In many ways, the war in Afghanistan is one of ideas, of narrative, of whose story is credible, says U.S. Army Maj. Dawud Agbere.
If that’s true, the officer from Joint Base Lewis-McChord could be the most dangerous U.S. soldier that the Taliban face.
And he doesn’t even carry a gun.
Agbere, 45, is the only active-duty Muslim U.S. Army chaplain in Afghanistan and one of just four in the Army. As such, he’s in high demand for holding services, counseling U.S. and NATO soldiers — Muslim and others — and overseeing chaplains in smaller units.
But in the past few weeks, the JBLM officer has created a new role for himself: Muslim ambassador from NATO forces to the enlisted soldiers of the Afghan National Army.
That means in addition to being the senior chaplain of Lewis-McChord’s 555th Engineer Brigade, Agbere also has become a counselor and motivator to thousands of Afghan troops he encounters as he visits far-flung American troops responsible for dismantling NATO bases, training Afghan army engineers and clearing roads of improvised bombs.
It started with a normal part of a chaplain’s job here: mentoring their Afghan army counterparts, who are called religious cultural advisers, or RCAs. Agbere noticed a large gulf between the Afghan RCAs and enlisted troops. He sought permission to talk directly to the Afghan enlisted men.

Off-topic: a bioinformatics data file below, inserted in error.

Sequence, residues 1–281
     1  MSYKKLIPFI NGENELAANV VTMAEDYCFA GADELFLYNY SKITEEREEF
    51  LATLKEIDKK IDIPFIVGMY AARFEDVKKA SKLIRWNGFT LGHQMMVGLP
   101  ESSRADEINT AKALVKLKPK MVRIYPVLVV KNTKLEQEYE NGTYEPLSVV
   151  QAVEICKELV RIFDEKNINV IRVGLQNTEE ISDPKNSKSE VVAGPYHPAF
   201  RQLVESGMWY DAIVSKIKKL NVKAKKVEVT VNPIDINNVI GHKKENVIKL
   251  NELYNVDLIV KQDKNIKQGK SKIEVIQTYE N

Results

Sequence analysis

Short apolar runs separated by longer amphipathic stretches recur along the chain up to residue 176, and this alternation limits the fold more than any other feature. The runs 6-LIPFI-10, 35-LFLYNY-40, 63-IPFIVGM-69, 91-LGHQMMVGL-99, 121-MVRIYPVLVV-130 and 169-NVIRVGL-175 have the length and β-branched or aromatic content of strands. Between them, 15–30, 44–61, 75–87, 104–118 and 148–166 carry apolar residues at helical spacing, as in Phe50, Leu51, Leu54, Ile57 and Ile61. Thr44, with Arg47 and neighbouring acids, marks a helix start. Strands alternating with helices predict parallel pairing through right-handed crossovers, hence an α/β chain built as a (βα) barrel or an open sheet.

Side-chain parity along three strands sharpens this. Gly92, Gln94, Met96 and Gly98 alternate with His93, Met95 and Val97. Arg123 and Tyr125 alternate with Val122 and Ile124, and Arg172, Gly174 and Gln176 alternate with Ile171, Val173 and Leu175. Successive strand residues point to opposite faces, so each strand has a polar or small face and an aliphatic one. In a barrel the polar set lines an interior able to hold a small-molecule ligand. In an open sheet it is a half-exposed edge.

The commander of the 555th, Col. Nicholas Katers, saw a photo of Agbere speaking to a battalion of young Afghan soldiers, who appeared to be hanging on every word. Katers went out in the field with the chaplain and immediately saw the potential of what he was doing. He began encouraging Agbere to speak to more Afghan troops.
“They just gather around him like a rock star,” Katers said recently. “He’s our secret weapon.”
Now Agbere, who grew up in Ghana before emigrating to the United States in 1995, travels almost weekly to Afghan bases, using his deep knowledge of the Quran to make connections.
He is fighting several things on these trips. For one, he’s trying to weaken the effects of Afghanistan’s ethnic divisions, which are among the most serious threats to the central government. He also tries to counter the messages of radical religious leaders and insurgent commanders who twist the meaning of the Quran.
Many Afghans are illiterate and look to their religious leaders for guidance about how the world works. The extremists take advantage, telling people NATO troops are just here to kill Muslims, that it’s their religious duty to kill the foreigners, that suicide bombings are allowed under Islam and that it’s OK to kill other Muslims if those Muslims are fighting the insurgency.
Such brainwashing has led to some of the so-called “insider attacks” in which Afghan soldiers and police officers kill their U.S. and NATO allies.
When Agbere talks with them, the Afghan soldiers are often startled by the very existence of an American officer who is also a Muslim religious leader.